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Why Are Dogs Afraid Of Thunder

With the first distant rumbles of thunder, your dog begins to pant, tremble, pace and whine as it contemplates an escape route from the impending storm. Why are dogs afraid of thunder? There are a number of potential factors that can contribute to a dog scared of thunder, fireworks and other loud noises.

Not all dogs are afraid of thunder and other noises. Some dogs afraid of thunder are actually exhibiting fear of the environmental changes that they experience prior to a storm’s arrival. Animals are sensitive to changes in barometric pressure and electrostatic fluctuations. Dogs that find these changes particularly disturbing may associate the unsettling sensations with the thunder that is sure to follow. Such fears tend to escalate over time, leading a dog to eventually become fearful of anything associated with a thunderstorm, including the sound of raindrops that may or may not be accompanied by thunder. As the fear becomes more intense, the dog’s reaction also intensifies.

Specific Dogs Afraid of Thunder

Whether the sound in question is thunder, fireworks, gunshots or backfiring vehicles, some specific dogs afraid of thunder include those that suffer from separation anxiety. Some breeds, including Beagles and German shepherds, also have a higher incidence for this fear. Any dog scared of thunder may at one time have experienced a negative and frightening occurrence that accompanied thunder.

Human Contribution

Owners often contribute to making a dog’s fear of thunder and other loud noises more severe. If an owner typically becomes nervous when a thunderstorm approaches, the dog will pick up on these feelings and take on the understanding that something dreadful is coming. Even a calm and well-intentioned owner can intensify their dog’s fear of thunder by being overly comforting during a storm. If the owner tries too hard to lavish attention on the dog and to convince the dog that all is well, he or she is reinforcing the fearful behavior.

Recognize the Signs

Learn the signs that will enable you to recognize when your dog is experiencing fear of thunder or other loud noises. By doing so, you can discuss your dog’s fear and symptoms with your veterinarian and obtain some helpful treatment ideas. Each dog will exhibit its own combination of signs of fear. Some early signs that may be exhibited before the first claps of thunder include:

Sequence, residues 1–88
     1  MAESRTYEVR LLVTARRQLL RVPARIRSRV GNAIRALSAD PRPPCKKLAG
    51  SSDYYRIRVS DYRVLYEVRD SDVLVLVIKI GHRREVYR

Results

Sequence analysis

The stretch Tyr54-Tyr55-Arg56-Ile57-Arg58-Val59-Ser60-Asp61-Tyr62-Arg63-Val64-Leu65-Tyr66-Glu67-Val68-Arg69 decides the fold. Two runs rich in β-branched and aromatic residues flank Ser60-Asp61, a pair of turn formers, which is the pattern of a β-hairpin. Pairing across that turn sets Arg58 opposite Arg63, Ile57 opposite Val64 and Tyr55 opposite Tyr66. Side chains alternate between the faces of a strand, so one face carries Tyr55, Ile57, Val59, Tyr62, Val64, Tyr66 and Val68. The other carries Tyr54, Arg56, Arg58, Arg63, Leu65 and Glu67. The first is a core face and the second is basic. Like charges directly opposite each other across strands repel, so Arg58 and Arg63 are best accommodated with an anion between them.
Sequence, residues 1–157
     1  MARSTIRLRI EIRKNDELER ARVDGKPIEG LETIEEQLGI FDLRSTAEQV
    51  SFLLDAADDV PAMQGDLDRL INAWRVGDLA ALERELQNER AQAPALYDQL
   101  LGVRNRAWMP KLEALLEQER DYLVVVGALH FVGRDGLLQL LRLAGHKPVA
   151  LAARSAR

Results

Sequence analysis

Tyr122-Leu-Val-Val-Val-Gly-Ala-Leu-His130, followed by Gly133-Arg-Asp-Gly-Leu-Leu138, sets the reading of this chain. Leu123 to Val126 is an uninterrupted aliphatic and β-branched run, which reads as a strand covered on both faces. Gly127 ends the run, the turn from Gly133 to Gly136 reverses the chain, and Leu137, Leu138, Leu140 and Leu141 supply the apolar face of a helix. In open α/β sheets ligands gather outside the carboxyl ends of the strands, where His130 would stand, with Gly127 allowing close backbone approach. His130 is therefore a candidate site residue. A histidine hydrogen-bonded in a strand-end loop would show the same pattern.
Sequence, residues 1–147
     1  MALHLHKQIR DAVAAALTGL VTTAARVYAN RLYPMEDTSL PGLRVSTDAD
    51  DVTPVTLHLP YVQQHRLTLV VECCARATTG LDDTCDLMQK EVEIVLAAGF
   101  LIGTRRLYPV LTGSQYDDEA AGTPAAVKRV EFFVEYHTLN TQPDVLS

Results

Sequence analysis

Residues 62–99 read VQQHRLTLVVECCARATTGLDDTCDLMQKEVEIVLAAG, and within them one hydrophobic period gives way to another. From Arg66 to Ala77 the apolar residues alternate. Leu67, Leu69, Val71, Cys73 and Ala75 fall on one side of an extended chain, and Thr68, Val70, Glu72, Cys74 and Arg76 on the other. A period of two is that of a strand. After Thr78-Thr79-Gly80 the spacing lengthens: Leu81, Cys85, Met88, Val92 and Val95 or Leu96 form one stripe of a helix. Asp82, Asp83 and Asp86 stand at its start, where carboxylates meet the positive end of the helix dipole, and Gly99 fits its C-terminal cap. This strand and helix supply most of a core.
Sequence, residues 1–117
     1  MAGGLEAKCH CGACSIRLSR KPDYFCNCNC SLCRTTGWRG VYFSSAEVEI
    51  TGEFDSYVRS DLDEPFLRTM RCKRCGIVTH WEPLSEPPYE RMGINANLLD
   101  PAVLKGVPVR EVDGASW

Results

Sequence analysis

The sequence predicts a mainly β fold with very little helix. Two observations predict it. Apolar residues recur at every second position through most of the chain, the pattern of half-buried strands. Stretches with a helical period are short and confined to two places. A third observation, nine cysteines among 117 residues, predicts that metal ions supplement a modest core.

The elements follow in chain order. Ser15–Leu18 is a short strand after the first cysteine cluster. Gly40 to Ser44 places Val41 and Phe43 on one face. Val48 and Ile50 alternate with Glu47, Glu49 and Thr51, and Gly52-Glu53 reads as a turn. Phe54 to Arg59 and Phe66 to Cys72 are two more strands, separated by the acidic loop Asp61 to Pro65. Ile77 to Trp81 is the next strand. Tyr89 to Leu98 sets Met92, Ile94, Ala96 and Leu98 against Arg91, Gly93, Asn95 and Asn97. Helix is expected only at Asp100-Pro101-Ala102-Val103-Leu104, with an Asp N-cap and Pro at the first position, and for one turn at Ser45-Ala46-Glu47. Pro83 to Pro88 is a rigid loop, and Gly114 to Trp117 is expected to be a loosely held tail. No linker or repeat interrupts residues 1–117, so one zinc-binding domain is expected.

• Pacing
  • Drooling
  • Panting
  • Whining
  • Seeking out the owner
  • Trembling
  • Refusal to eat
  • Attempts to hide or escape

Some additional signs that may present during the height of a noisy storm or during a Fourth of July fireworks show may include:

  • Inappropriate or uncontrolled elimination
  • Increased frantic attempts to escape
  • Anal gland expression
  • Dilated pupils
  • Inability to focus on commands or other communications made by the owner

Treatment Options

There are a number of sedative medications that veterinarians prescribe for dogs that suffer from fears of loud noises. While these are effective options when you know that the noise source is inevitably going to occur, such as fireworks going off on the Fourth of July, they are not always helpful for thunderstorms. The fireworks display can be predicted, and you know when it is going to occur. Thunderstorms, however, are not always predictable. Since many of these medications do not take effect until 30 minutes to two hours after administration, that surprise thunderstorm will have passed by the time your dog is sufficiently relaxed.

There are a few simple things that you can try at home to reduce the intensity of your dog’s fear responses. First and foremost, be sure to maintain an attitude that is at once calm and upbeat. Additionally, consider the following tips:

  • Enclose the dog in a confined area where the dog normally feels secure, such as its crate. If you are using a crate, be sure to leave the door of the crate open so that the dog does not feel cornered or trapped.
  • Place the dog in an interior room of the home that does not have windows or outside walls. This will help to muffle the sound.
  • Provide white noise, such as from an air conditioner, or play a radio or the television to provide a buffer against the outside noises.

If these attempts are ineffective, your veterinarian may recommend a regimen of behavior modification training techniques to try to desensitize your furry friend to thunder and loud noises.

Learn more about dog anxiety and dogs being afraid of car rides.